You see, Martin began to gain power. And power, as we all know, is the greatest narcotic – or hallucinogen. For instance, Simon Tickley invited him to a shooting weekend. This consisted of people dressing up in clothes from the nineteenth century and blasting away at defenceless ducks and geese who died in agony from their gunshot wounds. Martin had never wanted to kill anything and the sight of dying birds made him feel sick. Especially if they weren’t that bastard pheasant.

He went anyway because he’d been invited and thought it might be good for his career – a word he’d recently learned to attach to sitting in an office and doing what he was told to do when told to do it for eight hours each weekday. He also remembered the other meaning of the word “career” – to run around wildly and with no apparent purpose.

That Christmas, Simon Tickley sent him an expensive bottle of brandy from an upmarket store in London as a gift. He didn’t mention that he’d put it on expenses – effectively, the taxpayer gifted Martin the brandy.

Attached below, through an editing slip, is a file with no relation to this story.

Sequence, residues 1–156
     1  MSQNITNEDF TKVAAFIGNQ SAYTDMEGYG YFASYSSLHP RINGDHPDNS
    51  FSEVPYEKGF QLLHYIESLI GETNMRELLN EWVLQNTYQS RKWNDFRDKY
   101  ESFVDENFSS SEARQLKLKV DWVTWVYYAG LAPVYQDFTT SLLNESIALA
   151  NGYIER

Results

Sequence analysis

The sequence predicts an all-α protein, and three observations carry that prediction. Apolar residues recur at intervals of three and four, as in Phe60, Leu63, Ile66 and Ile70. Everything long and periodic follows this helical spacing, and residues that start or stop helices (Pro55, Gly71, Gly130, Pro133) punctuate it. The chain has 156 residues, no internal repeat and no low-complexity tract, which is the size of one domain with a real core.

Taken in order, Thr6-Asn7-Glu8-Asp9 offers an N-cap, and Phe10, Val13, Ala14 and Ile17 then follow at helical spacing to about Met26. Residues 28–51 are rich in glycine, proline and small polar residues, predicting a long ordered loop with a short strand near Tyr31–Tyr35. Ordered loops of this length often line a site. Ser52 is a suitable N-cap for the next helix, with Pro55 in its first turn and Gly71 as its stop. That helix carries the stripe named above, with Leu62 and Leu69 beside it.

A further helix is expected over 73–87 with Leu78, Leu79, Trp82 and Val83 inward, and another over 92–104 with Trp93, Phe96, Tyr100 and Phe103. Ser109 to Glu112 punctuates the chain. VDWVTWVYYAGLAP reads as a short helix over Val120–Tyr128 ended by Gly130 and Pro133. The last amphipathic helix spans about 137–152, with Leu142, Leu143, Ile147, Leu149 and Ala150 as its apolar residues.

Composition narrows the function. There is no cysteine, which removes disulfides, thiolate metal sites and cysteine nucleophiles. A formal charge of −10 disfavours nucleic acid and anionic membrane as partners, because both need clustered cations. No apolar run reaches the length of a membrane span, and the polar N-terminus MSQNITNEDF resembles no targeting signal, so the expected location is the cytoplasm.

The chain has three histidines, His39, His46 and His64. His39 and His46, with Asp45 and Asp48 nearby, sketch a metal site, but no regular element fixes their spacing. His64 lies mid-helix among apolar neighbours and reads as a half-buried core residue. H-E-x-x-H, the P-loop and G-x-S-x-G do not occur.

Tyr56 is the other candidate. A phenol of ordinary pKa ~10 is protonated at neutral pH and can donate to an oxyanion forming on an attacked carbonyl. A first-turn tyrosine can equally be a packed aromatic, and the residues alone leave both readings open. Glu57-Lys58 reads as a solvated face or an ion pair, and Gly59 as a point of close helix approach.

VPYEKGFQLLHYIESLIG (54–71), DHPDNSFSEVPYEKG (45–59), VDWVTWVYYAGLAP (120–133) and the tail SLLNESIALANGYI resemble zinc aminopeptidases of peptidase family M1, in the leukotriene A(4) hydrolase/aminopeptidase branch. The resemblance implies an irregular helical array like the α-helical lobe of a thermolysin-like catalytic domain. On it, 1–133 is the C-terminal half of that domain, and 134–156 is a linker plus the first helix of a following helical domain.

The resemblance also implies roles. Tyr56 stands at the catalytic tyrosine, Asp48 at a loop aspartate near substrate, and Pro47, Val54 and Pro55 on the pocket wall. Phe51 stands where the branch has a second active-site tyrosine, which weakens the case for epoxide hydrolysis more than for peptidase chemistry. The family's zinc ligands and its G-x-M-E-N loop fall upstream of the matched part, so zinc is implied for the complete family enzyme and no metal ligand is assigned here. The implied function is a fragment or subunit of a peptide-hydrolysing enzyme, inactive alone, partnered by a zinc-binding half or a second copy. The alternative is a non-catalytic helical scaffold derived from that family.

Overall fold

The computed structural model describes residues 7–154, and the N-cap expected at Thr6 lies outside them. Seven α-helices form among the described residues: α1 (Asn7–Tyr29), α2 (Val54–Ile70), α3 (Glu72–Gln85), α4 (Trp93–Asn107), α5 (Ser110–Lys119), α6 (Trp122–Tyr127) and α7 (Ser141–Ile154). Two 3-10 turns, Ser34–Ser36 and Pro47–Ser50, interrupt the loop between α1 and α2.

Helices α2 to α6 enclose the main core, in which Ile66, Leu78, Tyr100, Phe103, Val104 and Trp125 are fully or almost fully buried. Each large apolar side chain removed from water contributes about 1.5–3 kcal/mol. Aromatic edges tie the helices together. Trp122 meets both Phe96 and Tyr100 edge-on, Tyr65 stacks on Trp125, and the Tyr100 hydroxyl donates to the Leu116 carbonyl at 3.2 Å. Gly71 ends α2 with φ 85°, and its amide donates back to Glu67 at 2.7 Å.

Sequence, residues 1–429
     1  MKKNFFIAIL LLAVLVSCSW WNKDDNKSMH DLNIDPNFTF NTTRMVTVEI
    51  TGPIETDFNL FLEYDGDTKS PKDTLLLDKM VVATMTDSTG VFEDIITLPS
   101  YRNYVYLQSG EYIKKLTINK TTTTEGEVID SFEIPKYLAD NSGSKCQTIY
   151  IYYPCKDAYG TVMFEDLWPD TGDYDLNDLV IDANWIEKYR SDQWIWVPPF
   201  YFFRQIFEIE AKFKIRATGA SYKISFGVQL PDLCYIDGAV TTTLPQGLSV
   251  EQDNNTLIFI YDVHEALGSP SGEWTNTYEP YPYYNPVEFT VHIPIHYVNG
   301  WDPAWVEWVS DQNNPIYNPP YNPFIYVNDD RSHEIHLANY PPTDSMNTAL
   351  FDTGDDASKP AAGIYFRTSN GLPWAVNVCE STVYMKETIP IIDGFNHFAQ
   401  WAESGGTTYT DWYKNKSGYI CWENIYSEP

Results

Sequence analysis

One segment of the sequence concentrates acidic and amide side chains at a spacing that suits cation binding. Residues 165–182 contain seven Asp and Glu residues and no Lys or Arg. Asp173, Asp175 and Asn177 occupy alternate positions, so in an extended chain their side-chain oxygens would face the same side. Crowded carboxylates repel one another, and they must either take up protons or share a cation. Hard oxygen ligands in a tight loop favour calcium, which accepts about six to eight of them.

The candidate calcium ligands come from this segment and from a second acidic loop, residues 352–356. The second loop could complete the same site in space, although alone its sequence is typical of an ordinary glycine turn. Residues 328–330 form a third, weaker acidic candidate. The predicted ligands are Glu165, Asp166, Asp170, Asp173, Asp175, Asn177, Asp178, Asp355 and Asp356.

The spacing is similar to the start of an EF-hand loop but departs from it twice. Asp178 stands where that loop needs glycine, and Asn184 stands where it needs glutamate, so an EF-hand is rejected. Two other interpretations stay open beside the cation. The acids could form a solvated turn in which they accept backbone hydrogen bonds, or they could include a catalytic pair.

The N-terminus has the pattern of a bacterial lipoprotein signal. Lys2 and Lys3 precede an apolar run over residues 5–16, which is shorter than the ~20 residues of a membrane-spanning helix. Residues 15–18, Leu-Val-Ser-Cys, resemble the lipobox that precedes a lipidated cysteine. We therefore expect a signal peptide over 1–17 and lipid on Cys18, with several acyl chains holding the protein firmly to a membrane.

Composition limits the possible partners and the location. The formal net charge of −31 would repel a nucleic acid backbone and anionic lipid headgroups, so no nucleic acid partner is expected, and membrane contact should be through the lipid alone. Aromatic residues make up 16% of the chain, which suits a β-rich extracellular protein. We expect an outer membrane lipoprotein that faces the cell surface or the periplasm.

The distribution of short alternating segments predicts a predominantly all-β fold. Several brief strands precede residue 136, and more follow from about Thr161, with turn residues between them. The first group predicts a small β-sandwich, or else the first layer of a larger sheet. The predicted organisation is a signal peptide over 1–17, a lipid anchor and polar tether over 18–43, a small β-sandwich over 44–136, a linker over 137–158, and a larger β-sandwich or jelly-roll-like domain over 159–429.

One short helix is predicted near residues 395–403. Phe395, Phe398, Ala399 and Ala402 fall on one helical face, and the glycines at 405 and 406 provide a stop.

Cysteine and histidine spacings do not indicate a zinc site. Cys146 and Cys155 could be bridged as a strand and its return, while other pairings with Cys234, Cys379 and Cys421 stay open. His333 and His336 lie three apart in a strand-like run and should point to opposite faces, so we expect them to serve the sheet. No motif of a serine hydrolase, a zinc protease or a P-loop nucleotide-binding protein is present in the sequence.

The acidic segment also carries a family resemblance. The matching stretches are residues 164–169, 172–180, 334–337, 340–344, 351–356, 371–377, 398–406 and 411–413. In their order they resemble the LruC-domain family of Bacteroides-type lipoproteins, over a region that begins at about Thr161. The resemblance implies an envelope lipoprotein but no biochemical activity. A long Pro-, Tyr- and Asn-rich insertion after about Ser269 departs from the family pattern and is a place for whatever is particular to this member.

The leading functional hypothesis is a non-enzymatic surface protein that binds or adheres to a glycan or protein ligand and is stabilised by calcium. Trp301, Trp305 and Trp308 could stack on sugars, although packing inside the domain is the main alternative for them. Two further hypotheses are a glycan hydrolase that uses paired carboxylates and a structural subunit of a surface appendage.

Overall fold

As Martin’s power in government grew, so he became aware of his ability to affect change. One time he decided taxing condoms would be a great idea because he didn’t like using them. So he fed the opposition parties bogus statistics about the need for better family planning. He built an argument from evidence stating that funds for this should come from the user base for family planning. The government caved in, and the world’s first “Pay as you Come” legislation was born.

However much his power grew, he had still done nothing about the pheasant. He celebrated his first work anniversary over lunch in Nuneaton’s most exclusive eatery. Fenella gazed at him across the table, her passion for him at its fullest flower. Amid such happiness, he remembered the pheasant back at the office and frowned.

As he perfected his own life, so the pheasant’s existence became more of an affront. Soon the very idea that this bird would have the temerity to squawk and shit where he worked was offensive to him, and he swore he would remove it, come what may.